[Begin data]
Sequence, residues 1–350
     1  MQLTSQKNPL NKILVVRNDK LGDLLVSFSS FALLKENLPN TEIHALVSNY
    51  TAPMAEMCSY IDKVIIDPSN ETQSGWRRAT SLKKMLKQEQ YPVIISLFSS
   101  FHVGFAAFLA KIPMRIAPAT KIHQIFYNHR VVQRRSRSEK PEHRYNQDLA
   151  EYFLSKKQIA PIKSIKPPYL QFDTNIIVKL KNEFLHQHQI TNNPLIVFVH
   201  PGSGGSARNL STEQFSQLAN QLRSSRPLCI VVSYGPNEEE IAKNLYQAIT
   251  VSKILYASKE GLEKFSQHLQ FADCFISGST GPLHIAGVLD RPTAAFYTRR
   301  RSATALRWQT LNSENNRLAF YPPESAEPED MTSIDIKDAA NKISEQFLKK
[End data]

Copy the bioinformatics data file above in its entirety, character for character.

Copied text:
Sequence, residues 1–350
     1  MQLTSQKNPL NKILVVRNDK LGDLLVSFSS FALLKENLPN TEIHALVSNY
    51  TAPMAEMCSY IDKVIIDPSN ETQSGWRRAT SLKKMLKQEQ YPVIISLFSS
   101  FHVGFAAFLA KIPMRIAPAT KIHQIFYNHR VVQRRSRSEK PEHRYNQDLA
   151  EYFLSKKQIA PIKSIKPPYL QFDTNIIVKL KNEFLHQHQI TNNPLIVFVH
   201  PGSGGSARNL STEQFSQLAN QLRSSRPLCI VVSYGPNEEE IAKNLYQAIT
   251  VSKILYASKE GLEKFSQHLQ FADCFISGST GPLHIAGVLD RPTAAFYTRR
   301  RSATALRWQT LNSENNRLAF YPPESAEPED MTSIDIKDAA NKISEQFLKK